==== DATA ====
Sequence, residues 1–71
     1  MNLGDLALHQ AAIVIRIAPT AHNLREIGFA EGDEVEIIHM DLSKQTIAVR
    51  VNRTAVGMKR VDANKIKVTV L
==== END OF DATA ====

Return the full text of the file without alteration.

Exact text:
Sequence, residues 1–71
     1  MNLGDLALHQ AAIVIRIAPT AHNLREIGFA EGDEVEIIHM DLSKQTIAVR
    51  VNRTAVGMKR VDANKIKVTV L